The development of wind farms is often a topic for debate in Greece, with misleading information about the issue frequently spreading on social networks. The unfounded narrative that areas are deliberately burned down so that wind turbines can be installed is widespread. As fires swept through parts of Greece in 2023, social media posts claimed to show that wind turbines had been built on an area of the island of Evia that had been burnt in 2021. The false claim has been shared over 900 times since July 2023. However, the photo used as evidence shows wind turbines in Spain, not Greece. Data from the Greek Waste, Energy and Water Regulatory Authority (RAΑEY) indicates that no wind turbines have been built in northern Evia since it was devastated by the 2021 fires. The licence for a wind farm in that area was in fact revoked after the fires. Evia does have a large number of wind farms in the south, but these were installed before the 2021 fires.
“Photo after the big fire in Evia, in the burnt areas, wind turbines have entered the burnt areas,” reads a photo posted by a user on Facebook on September 11, 2023. The image shows a row of wind turbines on a hillside.
The same image with the same text has been circulating on Facebook in Greece since July 2023, including here and here. A July 20 Facebook post reads: “Since last year’s fires in Evia, wind turbines have miraculously sprung up. I just wanted to know now, where are the environmentalists?”
The posts either have no date for the Evia fire or refer to fires there in 2022; however, there were no major forest fires on Evia in 2022. The fires that hit Greece in 2022 were in other locations, such as on the island of Lesbos or in the Evros region in the north. Major fires hit Evia in 2021, ravaging the north of the island.
Screenshots taken 02/10/2023 of the false Facebook posts posted in July and September 2023
The 2021 Evia fires took place during the peak of a heatwave and scientists have warned that extreme weather could make such fires increasingly common.
The false claims began circulating as Greece was hit by more wildfires during another heatwave in July 2023, including on the island of Rhodes where thousands of people were evacuated. In August, a forest fire north of the city of Alexandroupoli was declared the largest-ever wildfire recorded in the European Union, as AFP reported here. At least 20 people, including 18 migrants, died in the inferno.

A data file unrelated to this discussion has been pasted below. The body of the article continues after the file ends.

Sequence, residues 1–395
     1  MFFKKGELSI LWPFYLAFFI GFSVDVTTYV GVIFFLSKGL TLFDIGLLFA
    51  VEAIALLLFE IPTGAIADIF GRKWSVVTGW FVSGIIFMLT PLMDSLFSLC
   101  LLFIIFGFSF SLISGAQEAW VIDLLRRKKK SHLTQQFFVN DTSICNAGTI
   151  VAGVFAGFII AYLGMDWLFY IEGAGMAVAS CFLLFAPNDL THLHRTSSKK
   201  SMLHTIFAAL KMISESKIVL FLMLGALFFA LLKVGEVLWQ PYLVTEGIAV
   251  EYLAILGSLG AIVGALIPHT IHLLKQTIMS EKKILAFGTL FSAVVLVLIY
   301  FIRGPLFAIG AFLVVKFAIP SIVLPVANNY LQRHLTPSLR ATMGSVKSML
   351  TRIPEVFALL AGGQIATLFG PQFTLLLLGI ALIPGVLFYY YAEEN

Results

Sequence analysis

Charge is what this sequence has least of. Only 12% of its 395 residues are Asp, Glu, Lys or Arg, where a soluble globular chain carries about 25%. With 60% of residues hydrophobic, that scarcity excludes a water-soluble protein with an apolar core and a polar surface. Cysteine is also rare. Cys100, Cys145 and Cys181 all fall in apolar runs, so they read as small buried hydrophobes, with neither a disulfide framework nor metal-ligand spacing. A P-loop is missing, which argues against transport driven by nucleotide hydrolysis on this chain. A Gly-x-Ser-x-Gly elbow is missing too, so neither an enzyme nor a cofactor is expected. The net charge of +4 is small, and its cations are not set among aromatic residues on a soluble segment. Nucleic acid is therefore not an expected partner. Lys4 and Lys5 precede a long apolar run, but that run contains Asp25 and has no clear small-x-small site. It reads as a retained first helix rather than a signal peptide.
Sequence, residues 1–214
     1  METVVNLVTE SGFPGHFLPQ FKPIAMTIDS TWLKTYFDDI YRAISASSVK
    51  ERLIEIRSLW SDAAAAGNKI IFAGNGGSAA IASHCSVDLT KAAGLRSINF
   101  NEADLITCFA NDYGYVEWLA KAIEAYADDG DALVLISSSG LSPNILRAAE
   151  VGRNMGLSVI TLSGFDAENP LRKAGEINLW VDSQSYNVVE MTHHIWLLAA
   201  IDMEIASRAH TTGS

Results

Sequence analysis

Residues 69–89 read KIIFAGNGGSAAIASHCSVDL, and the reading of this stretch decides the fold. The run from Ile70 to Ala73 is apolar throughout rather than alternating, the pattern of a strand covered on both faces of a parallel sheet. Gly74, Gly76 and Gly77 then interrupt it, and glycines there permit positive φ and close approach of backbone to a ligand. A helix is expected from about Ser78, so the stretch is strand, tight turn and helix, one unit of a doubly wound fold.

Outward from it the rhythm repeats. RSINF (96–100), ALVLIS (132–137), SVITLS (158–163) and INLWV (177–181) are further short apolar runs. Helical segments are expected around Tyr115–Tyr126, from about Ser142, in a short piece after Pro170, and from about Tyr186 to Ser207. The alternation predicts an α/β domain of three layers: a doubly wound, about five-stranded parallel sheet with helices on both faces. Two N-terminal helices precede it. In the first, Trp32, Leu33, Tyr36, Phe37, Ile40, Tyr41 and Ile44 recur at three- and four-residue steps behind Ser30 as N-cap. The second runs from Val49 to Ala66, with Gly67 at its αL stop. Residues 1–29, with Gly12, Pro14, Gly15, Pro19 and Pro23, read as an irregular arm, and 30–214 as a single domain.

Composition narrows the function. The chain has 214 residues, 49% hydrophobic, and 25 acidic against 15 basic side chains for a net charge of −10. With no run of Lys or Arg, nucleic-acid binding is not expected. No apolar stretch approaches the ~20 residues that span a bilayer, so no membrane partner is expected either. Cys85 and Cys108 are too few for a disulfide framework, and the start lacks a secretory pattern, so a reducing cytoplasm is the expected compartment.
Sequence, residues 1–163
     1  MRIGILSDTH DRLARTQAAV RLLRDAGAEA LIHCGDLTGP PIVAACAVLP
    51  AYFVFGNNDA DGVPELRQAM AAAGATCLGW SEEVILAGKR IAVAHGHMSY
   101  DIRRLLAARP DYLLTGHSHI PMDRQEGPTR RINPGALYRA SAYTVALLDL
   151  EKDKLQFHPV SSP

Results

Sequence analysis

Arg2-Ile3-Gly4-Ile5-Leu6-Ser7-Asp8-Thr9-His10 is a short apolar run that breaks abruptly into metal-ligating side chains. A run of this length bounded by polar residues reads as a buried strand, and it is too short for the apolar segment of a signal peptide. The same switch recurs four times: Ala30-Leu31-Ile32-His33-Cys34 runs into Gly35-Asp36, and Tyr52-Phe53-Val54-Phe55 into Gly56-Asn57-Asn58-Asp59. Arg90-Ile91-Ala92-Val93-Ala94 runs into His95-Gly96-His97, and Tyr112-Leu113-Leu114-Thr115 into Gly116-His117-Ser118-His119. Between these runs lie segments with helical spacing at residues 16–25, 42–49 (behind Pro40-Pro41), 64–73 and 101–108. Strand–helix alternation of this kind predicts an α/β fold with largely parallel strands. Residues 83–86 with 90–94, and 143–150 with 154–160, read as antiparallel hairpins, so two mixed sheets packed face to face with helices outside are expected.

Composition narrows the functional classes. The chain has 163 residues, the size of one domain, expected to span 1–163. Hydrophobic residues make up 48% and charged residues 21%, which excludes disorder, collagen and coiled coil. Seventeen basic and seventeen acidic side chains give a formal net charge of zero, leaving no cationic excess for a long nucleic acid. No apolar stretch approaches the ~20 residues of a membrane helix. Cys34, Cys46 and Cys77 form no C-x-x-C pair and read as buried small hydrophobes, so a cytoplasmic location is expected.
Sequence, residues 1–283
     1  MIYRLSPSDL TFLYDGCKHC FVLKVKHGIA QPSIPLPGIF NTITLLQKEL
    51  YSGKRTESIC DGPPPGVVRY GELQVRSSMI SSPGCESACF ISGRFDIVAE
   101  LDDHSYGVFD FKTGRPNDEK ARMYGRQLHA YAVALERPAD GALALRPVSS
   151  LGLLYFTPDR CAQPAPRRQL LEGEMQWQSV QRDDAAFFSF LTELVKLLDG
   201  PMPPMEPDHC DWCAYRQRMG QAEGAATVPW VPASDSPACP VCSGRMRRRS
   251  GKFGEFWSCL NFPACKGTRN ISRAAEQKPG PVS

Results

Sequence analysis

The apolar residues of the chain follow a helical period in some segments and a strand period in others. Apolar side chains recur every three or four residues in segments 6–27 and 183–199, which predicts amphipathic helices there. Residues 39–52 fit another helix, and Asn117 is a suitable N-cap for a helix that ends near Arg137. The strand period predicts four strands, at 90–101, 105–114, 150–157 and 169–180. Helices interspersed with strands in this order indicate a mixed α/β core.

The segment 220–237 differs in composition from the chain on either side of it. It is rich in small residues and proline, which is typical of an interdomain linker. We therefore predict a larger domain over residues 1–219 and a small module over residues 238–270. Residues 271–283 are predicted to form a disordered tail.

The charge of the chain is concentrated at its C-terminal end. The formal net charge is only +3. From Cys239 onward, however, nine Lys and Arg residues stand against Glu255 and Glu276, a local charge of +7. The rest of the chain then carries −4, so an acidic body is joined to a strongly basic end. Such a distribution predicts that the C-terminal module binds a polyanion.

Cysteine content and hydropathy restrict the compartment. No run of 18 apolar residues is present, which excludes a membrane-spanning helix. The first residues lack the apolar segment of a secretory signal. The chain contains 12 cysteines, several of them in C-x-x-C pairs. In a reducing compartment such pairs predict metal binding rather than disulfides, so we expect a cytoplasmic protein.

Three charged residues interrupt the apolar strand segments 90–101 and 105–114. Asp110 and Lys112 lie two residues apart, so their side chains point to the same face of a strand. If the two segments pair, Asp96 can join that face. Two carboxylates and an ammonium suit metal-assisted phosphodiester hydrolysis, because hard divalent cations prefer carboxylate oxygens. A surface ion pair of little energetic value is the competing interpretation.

The fires of summer 2023 saw a surge of misinformation against migrants, holding them responsible for the fires in the Evros region but without evidence.
Wind turbines in Catalonia
A reverse image search showed that the photo used in the false claims has been circulating online since 2009, as shown in results from the site TinEye. The results did not give information about the location of the turbines.
However, we found similar images on the page “wind-turbine-models.com” which features a large photo album showing numerous types of wind turbines.
One of these photographs features a number of details similar to those visible in the photo shared on social networks, as shown below:
Screenshots taken on 02/10/2023 of the falsely used photo in the Facebook posts (left) and the picture of wind-turbine-models.com (right). Red cross as well as yellow circles and squares were added by AFP
Circled in yellow, the same ruin can be seen on the left of the image, as well as a white box on the right and, in the yellow square, the same hill crest. The caption indicates that this is the “Parque eolico Pebesa (Baix Ebre)” wind farm and that it is located in “Tortosa, Catalonia, Spain”.
It’s also possible to see a similar view on the road leading to the Baix Ebre wind farm, located in the Serres de Cardó-el Boix region of Spain, on Google Street view, and notice the same ruin and white box, as circled in yellow in the screenshot below:
Screenshot made from Google Street view. Yellow circles were added by AFP. Image capture: 04/10/2023
Withdrawal of wind turbine licences in burnt-out areas of Evia